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The Honolulu Advertiser
Posted on: Sunday, July 24, 2005

'Thieves' portrays darker Hawai'i

By Christine Thomas
Special to The Advertiser


In Hawai'i, the name Hemmings conjures the image of a legendary big-wave rider and often controversial Republican state Sen. Fred Hemmings, a name with an undeniable influence on the state's history and culture. Thus expectations are present even before the first lines of Kaui Hart Hemmings' first collection of short fiction, "House of Thieves," are absorbed: Upper-class, private schools, private clubs, but absolutely local.

Fresh from completing a Wallace Stegner Fellowship at Stanford, 28-year-old Hemmings reveals in her writing not only her upbringing (she is that state senator's stepdaughter) but also the workshop experience — sometimes self-conscious, others self-reflexive and always addressing a message. Though necessarily translating the nuances of Hawai'i for a Mainland audience, "House of Thieves" offers a candid insider's portrait, one not tailored to tourists and including details of the darker side of Island life: marijuana-growing, land politics, a struggling culture and loss — the latter of which unites the collection.

The opening story, "The Minor Wars," is an impressive beginning, complete with touching intimacy, sparse description and an authentic, almost palpable atmosphere. Its locale is immediately recognizable to islanders as O'ahu's premier private club, but the shadow of death that 10-year-old Scottie and her father face touches all. Her mother lies in a coma, while she and her father, who narrates, struggle to fit together: "Scottie's been pointing out my flaws, my tricks and lies. She's interviewing me. I'm the backup candidate. I'm the dad." Later, in "Ancient Weapons," Hemmings perceptively displays another father confronting his distance from his teenage daughter, noting "everything she said sounded ominous, even phrases such as, 'Do you want an apple?' She scared the hell out of him."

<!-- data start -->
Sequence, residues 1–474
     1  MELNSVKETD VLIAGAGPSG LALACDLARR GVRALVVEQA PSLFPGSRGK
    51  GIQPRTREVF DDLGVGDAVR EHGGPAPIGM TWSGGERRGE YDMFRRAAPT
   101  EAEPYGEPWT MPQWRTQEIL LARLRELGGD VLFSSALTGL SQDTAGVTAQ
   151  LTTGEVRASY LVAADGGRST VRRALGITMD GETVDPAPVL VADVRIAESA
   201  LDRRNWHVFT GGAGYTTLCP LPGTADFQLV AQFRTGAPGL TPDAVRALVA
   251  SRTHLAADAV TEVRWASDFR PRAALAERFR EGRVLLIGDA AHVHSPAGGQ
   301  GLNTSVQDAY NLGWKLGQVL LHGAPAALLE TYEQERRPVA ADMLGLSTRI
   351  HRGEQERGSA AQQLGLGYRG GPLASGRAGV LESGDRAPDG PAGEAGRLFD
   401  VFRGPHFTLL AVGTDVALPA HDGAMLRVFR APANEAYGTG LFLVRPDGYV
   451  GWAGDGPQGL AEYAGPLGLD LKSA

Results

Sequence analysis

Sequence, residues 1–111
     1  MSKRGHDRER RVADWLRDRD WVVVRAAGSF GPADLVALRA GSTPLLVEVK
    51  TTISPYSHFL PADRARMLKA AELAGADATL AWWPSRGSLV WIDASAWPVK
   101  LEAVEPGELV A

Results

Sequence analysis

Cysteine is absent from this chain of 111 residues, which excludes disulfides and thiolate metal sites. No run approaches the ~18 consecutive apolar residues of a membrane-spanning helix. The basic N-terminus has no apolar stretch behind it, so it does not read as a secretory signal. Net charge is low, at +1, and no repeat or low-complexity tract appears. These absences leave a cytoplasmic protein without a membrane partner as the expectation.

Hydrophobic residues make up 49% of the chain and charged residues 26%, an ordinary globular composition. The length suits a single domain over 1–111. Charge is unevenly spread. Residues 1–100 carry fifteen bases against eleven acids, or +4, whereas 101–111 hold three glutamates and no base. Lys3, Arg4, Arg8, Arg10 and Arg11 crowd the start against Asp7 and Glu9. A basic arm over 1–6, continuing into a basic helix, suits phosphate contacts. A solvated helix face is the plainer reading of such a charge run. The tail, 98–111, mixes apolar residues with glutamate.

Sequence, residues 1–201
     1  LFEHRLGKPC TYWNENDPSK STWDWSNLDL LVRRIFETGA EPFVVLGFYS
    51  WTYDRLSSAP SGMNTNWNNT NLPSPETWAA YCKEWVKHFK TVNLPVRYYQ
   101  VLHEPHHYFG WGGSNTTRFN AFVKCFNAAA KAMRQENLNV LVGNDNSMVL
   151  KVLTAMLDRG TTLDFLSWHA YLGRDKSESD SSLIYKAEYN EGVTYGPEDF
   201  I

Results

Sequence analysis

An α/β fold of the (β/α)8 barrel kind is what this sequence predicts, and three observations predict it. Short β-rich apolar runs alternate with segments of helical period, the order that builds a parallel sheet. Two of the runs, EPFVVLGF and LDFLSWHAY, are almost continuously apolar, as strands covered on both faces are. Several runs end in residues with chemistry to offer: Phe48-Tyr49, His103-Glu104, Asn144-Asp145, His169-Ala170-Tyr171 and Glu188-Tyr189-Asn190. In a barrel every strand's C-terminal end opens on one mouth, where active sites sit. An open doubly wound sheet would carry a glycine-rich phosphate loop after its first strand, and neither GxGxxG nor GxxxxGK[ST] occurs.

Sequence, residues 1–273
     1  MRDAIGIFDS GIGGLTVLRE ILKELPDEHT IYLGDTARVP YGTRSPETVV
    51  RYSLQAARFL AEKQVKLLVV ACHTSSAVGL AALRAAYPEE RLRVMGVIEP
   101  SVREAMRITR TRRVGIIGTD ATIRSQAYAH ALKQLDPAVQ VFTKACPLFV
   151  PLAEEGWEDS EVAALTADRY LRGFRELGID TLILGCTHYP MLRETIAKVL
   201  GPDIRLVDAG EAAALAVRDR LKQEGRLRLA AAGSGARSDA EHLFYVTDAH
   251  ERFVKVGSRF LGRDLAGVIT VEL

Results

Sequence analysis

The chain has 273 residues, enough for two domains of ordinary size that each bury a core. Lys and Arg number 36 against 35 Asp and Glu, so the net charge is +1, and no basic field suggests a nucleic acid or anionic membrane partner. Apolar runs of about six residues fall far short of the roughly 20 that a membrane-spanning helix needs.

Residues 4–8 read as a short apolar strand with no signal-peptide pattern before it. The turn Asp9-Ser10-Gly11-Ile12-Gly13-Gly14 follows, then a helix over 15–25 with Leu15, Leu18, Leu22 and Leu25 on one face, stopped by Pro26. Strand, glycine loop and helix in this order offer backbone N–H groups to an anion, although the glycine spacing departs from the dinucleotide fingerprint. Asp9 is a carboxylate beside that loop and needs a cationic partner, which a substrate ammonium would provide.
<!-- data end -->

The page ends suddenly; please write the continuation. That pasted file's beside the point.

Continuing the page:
The raw strength of "The Minor Wars" heightens the disappointment that comes with the next five stories — though capable, they often try too hard to be clever but fall short of the arc achieved in the first story.

In the title piece, Hemmings seemingly reminisces about her teen years. Though amusing to women who remember growing up on O'ahu in the '80s, when all there was to do was listen to Oingo Boingo while wearing rolled down boxers and keep track of the cute professional surfers, in the end it is simply, as the narrator speaks of her own lines, "stylish and dramatic."

Yet even if a few stories leave the reader feeling somewhat dissatisfied, Hemmings is unfailingly and impressively spot-on with her details, lending her a near unshakable power of authenticity. She beautifully provides truly local sensory details, as when she describes "the leaves on the mock orange hedge flutter against the panes, shedding scent into the room," and keenly observes the real experience of pests among beauty: "She plucks a black ant from a petal's coil and presses it between her fingers."

Only when she awkwardly explains Hawai'i's reality by telling rather than showing does that strength falter. It happens, not surprisingly, when in one story haole is defined as "a word that literally means 'foreigner,' but inside the case of the word is the implication of whiteness, dumbness, invasion." Here and elsewhere, there is a struggle to get across the point that Hawai'i's history as a once-sovereign nation affects every bit of its modern reality, just as it is true that many haole feel like Emma does in the story "Final Girl," in which she needs her half-Hawaiian son as "proof" that she is "deserving of the land she lives on," no matter how long she's been in the Islands.

The collection is welcomingly redeemed when Hemmings hits her stride in the latter third. "Begin With an Outline" is a uniquely structured story that is at once spontaneous and well controlled. Moreover she accomplishes the subtle exploration of the conflict of loving where you are — either in a relationship or where you live — but also wanting more. This is particularly true for many born and raised in Hawai'i.

Despite losing their way at points, Hemmings' stories are confident, their approach and observations clever and memorable, the writing always alert to style, and incorporating no detail without a specific purpose. If art, and writing, is about trying to make something as real as what we see around us, in the end Hemmings artfully does just that.

Christine Thomas is writing a novel set in modern Hawai'i.